For more information, contact Morton Buildings, Dept. FIN, Box 399, Morton, IL 61550, 800/447-7436, visit or, or circle 205.

paul gervais tracy, mn
DeWalt heavy-duty XRP 18v cordless combo kit

Paul Gervais of Tracy, MN, says his best buy in 2005 was a six-piece set of DeWalt 18v cordless tools. He found them online at after typing in “cordless drill.”

“They're good-quality tools, and they are really handy,” says Gervais, who farms 1,500 acres of corn and soybeans and custom feeds 900 feeder pigs per year. “I wouldn't be exaggerating to say I use them every day.”

Priced at $599, the combination kit includes a ½-in. hammerdrill/drill/driver, reciprocating saw, circular saw, impact driver, cut-off tool and flexible floodlight. Included as a bonus were a 12v portable car starter and a rebate for a free tool.

Gervais uses the tools for everything from taking off truck tires to drilling panels on a combine whenever he is away from a power source. Powered by two 18v XRP batteries and a charger, the tools have more power and more options than the cordless drill that he had before. “The only drawback is they are heavier because they have bigger batteries,” he says.

For more information, contact DeWalt Tools, Dept. FIN, 701 E. Joppa Rd., Baltimore, MD 21286, 800/433-9258, visit or, or circle 206.

jeff ryan cresco, ia
iPod Nano and a VIP pass to the Bob & Tom Show

“My nomination for a Team FIN Best Buy is an iPod nano ( and a VIP pass to the Bob & Tom Show (,” Jeff Ryan says. “For $29.95, I can get a six-month subscription [to the show], or for $54.95 I can get a one-year subscription that allows me access to the archives where I can download the daily four-hour program without commercials.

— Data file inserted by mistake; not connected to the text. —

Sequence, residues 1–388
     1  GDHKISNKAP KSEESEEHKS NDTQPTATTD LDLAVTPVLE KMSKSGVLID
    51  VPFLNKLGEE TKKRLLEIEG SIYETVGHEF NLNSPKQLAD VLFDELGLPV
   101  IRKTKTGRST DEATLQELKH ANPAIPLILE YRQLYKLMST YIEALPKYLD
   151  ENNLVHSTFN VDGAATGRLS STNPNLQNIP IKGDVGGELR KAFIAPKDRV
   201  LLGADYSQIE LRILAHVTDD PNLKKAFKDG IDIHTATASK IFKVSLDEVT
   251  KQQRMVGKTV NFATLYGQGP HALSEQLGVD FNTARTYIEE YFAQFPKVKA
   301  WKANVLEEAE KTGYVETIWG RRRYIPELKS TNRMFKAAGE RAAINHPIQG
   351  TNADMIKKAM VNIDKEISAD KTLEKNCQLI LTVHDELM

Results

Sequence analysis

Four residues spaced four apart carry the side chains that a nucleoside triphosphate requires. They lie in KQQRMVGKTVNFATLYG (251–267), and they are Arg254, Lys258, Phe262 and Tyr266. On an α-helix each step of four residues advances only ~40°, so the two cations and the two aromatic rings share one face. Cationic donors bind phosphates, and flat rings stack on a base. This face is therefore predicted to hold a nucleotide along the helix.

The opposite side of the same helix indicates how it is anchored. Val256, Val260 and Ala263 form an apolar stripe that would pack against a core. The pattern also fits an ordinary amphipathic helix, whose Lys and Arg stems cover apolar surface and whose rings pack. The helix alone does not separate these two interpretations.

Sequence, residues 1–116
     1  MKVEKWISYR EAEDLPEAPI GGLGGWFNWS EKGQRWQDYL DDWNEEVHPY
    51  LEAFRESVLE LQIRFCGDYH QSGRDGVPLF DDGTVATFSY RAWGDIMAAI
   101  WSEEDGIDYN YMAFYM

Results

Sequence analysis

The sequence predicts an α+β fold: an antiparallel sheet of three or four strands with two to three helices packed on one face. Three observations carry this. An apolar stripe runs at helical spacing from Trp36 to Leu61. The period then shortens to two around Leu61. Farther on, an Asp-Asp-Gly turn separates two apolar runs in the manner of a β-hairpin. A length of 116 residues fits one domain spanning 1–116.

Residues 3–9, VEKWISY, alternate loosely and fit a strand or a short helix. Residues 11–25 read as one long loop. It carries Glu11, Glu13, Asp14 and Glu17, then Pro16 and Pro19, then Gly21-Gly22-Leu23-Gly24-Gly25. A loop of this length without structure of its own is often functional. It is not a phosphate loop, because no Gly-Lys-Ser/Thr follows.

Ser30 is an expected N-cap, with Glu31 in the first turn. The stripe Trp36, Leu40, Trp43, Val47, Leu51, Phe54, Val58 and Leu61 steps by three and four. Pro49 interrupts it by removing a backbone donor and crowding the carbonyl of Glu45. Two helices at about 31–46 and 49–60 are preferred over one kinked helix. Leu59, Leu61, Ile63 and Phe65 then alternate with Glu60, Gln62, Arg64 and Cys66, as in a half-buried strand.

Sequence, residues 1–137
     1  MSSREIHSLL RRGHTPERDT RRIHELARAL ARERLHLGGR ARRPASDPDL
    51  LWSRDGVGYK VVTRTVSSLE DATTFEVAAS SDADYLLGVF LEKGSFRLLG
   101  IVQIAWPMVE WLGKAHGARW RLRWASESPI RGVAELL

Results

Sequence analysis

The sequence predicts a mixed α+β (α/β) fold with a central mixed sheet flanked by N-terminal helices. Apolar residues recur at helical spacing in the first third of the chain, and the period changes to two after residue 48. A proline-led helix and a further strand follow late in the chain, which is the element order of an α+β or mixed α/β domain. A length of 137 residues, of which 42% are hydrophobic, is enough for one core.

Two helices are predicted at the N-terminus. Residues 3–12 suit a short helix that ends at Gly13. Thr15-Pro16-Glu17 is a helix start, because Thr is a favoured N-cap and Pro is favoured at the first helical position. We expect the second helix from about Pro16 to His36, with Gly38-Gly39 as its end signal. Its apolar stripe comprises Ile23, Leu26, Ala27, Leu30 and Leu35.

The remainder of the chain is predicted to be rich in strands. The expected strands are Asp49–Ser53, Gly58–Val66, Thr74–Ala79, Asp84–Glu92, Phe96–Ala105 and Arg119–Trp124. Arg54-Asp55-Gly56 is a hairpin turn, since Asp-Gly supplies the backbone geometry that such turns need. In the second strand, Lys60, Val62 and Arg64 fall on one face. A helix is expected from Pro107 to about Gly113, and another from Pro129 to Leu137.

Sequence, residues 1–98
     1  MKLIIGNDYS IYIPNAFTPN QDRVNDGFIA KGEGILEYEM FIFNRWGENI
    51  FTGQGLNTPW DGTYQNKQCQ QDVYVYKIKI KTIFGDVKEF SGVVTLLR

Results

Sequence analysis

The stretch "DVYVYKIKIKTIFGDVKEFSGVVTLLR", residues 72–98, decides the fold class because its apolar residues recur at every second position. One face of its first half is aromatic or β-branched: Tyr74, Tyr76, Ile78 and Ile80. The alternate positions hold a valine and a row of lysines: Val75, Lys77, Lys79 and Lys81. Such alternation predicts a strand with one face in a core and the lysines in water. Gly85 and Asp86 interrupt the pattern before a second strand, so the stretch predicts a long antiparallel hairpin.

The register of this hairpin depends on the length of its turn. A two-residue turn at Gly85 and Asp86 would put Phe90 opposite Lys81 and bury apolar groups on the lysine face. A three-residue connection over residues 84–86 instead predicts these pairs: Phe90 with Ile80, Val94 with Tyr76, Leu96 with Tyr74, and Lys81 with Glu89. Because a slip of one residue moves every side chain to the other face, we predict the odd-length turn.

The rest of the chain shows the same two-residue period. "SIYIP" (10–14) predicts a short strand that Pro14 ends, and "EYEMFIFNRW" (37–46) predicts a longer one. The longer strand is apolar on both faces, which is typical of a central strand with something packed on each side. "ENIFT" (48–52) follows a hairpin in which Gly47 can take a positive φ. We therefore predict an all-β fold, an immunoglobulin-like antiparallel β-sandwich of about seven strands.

“It only took a few minutes in the combine to find out that I absolutely love this device, this capability, and this show in particular,” Ryan continues. “Some sharp wit in a conversation tends to keep my brain a bit more focused than random tunes playing in the background.

“I simply plug in my iPod to the cigarette lighter, tune the dial down to the lower end of the FM dial, search the menu to load the show and then hilarity ensues. Given enough time, I may discover other things to take with me on the iPod, but for now, the crew from WFBK in Indianapolis is far and away the best thing out there.”

erik petry rochelle, il
Agri-Business Solutions

Erik Petry, who farms as a partner with his father on 4,000 acres, says his best on-farm investment was a risk management consulting service from Agri-Business Solutions, based in Peoria, IL. “The firm not only consults on marketing but also looks at your farming operation as a whole, tying in your crop insurance plan, yearly cash flow, inputs and personal goals,” Petry says. “It then constructs a plan that will result in the business obtaining its financial goal.”

Each Monday at 6:15 a.m., Petry joins a conference call with various experts who say what they think the market is going to do and why. Petry also consults individually with Chip Nellinger, one of the firm's marketing advisors.

Other services include financial analysis, business restructuring, estate planning, transition planning and tax preparation. The annual consulting fee is $0.03 per bushel on corn, $0.07 per bushel on soybeans and $0.05 per bushel on wheat.

For more information, contact Agri-Business Solutions, Dept. FIN, 1615A W. Candletree Dr., Peoria, IL 61614, 309/691-5706, visit or, or circle 207.